Trees and information

As the chapter states in the beginning maps and graphs attempt to measure more quantitative data as opposed to trees more qualitative data. And yet maps can still be skewed by a cartographer’s bias in gauging two locations distance on the visual representation of the map. Graphs usually are the most objective of the three since they rely on scales and pure numbers and mathematics then the other two. When it comes to trees though how is the decision made of which branch is related to which one more? When it comes to the highly subjective nature of interpreting literature the answer gets muddier.

Franco Moretti mentions this in his trees chapter of “Graphs, Maps and Trees” with his mention of “objective” and “subjective” trees. And I see how the distinction could be made as I suppose you could make associations between something like genres with cataloguing keywords that are often used within a genre. But that method could be hardly called objective since the criterion for such an evaluation would almost certainly have to be arbitrary. I suppose given the nature of genres as largely arbitrary and literature’s nature as subjective, measuring more metaphysical things as genres will always be to some extent approximations rather than cold hard objective statements.

I wonder if such a thing as a completely objective tree could exist? A objective graph and for the most a part a fairly subjective map could used using mathematics. I think the distinction lies within that element. For the most part as far as my knowledge extends, most trees do not make use of formulas and data and the ones that do don’t really have hard criterions to make evaluations with. Though I’m sure some do, the ones that I have seen such as the ones in Franco Moretti’s “Graphs, Maps and Trees” don’t really let the reader in on their methodology either. Of course I am not implying that trees are a inherently inferior way of categorizing informatino just that the deficiencies built into the tree method are interesting to think about

Trees

I find this section to be quite interesting and pretty user friendly for the reader. Moretti uses “trees” as a way to categorize and break down certain evolutionary  literary studies over time, or in other words “systematically correlated with form”. (69) I like the idea of  the “detective fiction” because it’s a clever and fun way to attract readers to a novel, and help them critically think about all the obvious and not so obvious clues given within the plot. The idea of a tree diagram becomes very useful for readers because it makes an easy to follow pattern connecting other similar works together. I’d like to look at it as a “family tree”.  It allows things to connect to other things that have similarities. Lets take the idea of a fair tale for instance. Each cliche story would include a damsel in distress, a handsome prince, villain, and magic for instance. These things could be tracked in a form of a tree to make it categorized in a very specific way that stands out from the rest of genres of stories/novels.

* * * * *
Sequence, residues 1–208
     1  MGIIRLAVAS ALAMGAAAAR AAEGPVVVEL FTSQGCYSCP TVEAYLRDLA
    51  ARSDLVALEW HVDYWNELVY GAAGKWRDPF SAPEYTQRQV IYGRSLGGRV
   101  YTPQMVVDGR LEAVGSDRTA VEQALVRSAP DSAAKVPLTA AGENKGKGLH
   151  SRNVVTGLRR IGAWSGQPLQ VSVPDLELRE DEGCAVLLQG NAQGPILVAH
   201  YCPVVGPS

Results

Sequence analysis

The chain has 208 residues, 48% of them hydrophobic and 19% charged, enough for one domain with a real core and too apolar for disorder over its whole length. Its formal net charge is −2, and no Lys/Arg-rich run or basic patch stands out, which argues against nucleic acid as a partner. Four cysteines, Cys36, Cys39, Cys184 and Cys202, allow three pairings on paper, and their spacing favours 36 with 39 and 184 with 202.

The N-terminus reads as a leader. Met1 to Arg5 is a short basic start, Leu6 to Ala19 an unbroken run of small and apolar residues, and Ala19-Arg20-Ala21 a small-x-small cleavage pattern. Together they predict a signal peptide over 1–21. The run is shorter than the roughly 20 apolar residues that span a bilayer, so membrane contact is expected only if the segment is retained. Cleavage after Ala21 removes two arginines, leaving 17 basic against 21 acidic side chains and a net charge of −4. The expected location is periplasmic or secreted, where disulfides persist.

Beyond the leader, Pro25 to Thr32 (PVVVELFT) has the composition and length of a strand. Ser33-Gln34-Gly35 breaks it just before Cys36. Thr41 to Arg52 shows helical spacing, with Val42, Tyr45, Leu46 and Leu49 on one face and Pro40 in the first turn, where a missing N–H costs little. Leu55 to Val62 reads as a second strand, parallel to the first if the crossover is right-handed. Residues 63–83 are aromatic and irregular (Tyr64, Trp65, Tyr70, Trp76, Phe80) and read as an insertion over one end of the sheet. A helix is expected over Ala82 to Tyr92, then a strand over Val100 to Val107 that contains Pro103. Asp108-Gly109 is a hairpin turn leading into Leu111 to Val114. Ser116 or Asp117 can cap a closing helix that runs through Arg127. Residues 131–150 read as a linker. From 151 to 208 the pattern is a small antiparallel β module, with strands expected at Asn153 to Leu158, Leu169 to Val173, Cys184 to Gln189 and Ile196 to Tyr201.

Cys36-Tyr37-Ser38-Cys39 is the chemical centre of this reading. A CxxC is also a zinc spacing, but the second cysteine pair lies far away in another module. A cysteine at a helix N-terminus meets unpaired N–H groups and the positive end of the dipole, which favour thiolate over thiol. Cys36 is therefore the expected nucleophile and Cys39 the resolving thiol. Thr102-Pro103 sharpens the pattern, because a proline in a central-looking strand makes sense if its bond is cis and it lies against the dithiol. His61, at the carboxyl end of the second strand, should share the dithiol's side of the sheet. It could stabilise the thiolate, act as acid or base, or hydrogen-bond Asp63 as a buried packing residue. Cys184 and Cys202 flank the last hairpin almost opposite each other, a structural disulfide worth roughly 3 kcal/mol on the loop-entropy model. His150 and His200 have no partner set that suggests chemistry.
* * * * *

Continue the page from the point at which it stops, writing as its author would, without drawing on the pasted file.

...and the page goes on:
I think that this for of categorization is very useful and intriguing to the reader. It gives readers a good and clear picture of certain genres for instance and the common bonds they all share. It is also good for giving dates of works over time to create and evolutionary chart that will keep expanding as time moves on. It is a fun way to make connections to things and help draw out an actual picture for the reader to understand.

trees and novels

Unlike graphs and maps, trees allow one to connect the dots in a novel and see the cause and effect of a certain action. Trees enable a reader to follow a plot and by doing so can be especially helpful when reading gothic novels or mysteries, as Moretti points out. These works of fiction use clues to drive the plot forward and the clues only work if they are made comprehendible to the reader. If the reader is unable to create a tree of some sort then it is easy to lose interest in the plot. The joy in reading a mystery like a gothic novel is the ability to figure out the ending along with the main character or detective. Typically, mysteries include the following elements: a detective, suspense, trial and error, piecing together clues, a crime, a misdirect, a calling card at the crime scene, and, lastly, the solving of the mystery and apprehension of the perpetrator. A tree diagram allows from these components to be diagramed in a useful manner. Tree diagrams can also be useful in distinguishing between novels of the same genre. Take for instance The Castle of Otranto and The Mysteries of Udolpho. Both are gothic mysteries that take place in a castle and contain the typical gothic villain, a virtuous young woman, and a hero. However, this is where the similarities end and a tree diagram would be able to chart exactly where the differences begin.